Chive Blossom Oil and Vinegar

Chives are an amazingly easy perennial to grow. A member of the same family as onions, leeks and garlic, it will come back year after year. In spring, chives start to show beautiful pink blossoms that, if left alone, will seed the ground for years to come. If you don’t want to drop more seed to bring an additional batch of chives next year, you should remove the flowers before they go to seed.

I decided this year to do something with the blossoms, instead of just removing (deadheading) them. I made chive blossom oil and vinegar, which is delicious. The vinegar has a beautiful pink tint and the olive oil is rich and dense.

The process is easy and the flavor has a nice garlic/onion taste. Excellent to cook with or put on salads, pizza, pasta and more. If you have a recipe that starts out with sauteing garlic in oil, you can use chive oil instead without the garlic. (I wouldn't substitute the onions in most recipes though as they often add texture.) Try this easy recipe to make oil and vinegar for many dishes to come!

chive-blossoms

Chive Blossom Olive Oil

  1. Cut blossoms and stems from the chive plants. Rinse well.

  2. Add a bunch (about 1 cup) chive blossoms and chopped stems (optional) to a pint mason jar.

  3. Add 1 1/2 cups white balsamic or champagne vinegar to the jar.

  4. Place lid on jar and place in a dark place for 2 weeks.

  5. Strain the oil and discard the chive blossoms and stems. Store strained oil in oil dispenser or other glass container.

Chive Blossom Vinegar

  1. Cut blossoms and stems from the chive plants. Rinse well.

  2. Add a bunch (about 1 cup) chive blossoms and some chopped stems (optional) to a pint mason jar.

  3. Add 1 1/2 cups extra virgin olive oil to the jar.

  4. Place lid on jar and place in a dark place for 2 weeks.

  5. Strain the vinegar and discard the chive blossoms and stems. Store vinegar in a vinegar dispenser or other glass jar.

chive-blossom-olive-oil-and-vinegar

I'm Catherine, a small-space urban gardener in New Jersey (Zone 7a) who started gardening out of upcycled wooden wine boxes. For years, I wanted to try gardening, but didn't know where to start. I got up the nerve to give it a try - starting small with a single wooden wine box that turned an idea into reality. That reality quickly turned into my filling every sunny inch of space of my postage-stamp size lawn and turning it into a garden oasis. I grow mostly vegetables and herbs with some exception for fruits (when the squirrels and rabbits don't get to them first). I love learning from gardening communities (and lots of trial and error).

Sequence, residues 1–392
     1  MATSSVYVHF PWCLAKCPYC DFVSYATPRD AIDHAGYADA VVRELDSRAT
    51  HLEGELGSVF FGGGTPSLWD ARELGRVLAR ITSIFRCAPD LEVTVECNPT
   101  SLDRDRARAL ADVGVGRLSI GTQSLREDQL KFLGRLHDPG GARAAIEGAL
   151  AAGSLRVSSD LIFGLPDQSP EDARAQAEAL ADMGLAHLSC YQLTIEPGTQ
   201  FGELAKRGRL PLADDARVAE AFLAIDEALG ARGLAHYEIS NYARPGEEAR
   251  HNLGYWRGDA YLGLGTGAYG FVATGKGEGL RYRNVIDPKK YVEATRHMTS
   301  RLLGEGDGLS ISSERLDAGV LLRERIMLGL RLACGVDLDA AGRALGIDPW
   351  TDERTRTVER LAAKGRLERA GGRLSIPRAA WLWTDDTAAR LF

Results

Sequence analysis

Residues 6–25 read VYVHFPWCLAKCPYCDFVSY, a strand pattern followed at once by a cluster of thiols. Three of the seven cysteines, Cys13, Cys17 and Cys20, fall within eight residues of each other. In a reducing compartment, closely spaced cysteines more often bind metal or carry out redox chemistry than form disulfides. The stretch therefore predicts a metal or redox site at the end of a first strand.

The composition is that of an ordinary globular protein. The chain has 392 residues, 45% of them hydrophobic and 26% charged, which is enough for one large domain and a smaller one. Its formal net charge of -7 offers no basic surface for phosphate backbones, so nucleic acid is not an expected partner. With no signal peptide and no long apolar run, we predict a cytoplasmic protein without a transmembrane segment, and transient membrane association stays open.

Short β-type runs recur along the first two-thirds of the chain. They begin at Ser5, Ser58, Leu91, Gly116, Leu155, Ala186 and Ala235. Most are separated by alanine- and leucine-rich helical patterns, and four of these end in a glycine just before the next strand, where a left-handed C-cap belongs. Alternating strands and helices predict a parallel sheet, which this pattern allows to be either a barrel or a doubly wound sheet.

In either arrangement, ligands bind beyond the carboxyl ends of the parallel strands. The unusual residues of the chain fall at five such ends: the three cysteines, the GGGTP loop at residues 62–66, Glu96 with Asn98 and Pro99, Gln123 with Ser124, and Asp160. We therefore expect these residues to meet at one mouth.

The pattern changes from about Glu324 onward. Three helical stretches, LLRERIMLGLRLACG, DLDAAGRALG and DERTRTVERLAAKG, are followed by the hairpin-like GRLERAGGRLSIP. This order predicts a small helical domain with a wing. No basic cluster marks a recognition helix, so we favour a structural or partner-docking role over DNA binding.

I hope one day to take all that I'm learning and apply it to a larger plot of land. To help me get there, I'm extending my learning through the University of Massachusetts, Stockbridge School of Agriculture's, Sustainable Food & Farming program. (I'm addicted to learning as much as I am to gardening.)

This blog isn't just for gardeners (although I hope it inspires some of you to try growing a plant or two). The recipes (food & cocktails) in theRecipes section of this blog contain ingredients that don't have to come from your own backyard. If you like visiting your local farmer's market(or even your grocery store) and would like to get some new recipes you can use with the fresh produce and herbs you get from your local growers, this blog will have plenty for you too.

In addition to gardening and cooking, I also love to visit and photograph my surroundings. I feel fortunate to have so many amazing places here in New York/New Jersey, where I live and work. Visits to local farms, farmer's markets, and cycling through rural farming areas help me feel connected and refreshed. share these experiences in theExploring section of the blog so that you might visit through proxy or be inspired enough to visit yourself. 

With very few exceptions, all of the photographs on this site are ones I have taken myself. (For the photographers out there, I shoot with a Canon 7D and sometimes with my Lumix  DMC-ZS15 compact camera.) 

I hope this blog inspires you to grow, create, explore, and try something new. The best way to stay up-to-date is to follow me using the social buttons above, or click Subscribe and sign up for my email newsletters.    

Happy Gardening and Healthful Living!

- Catherine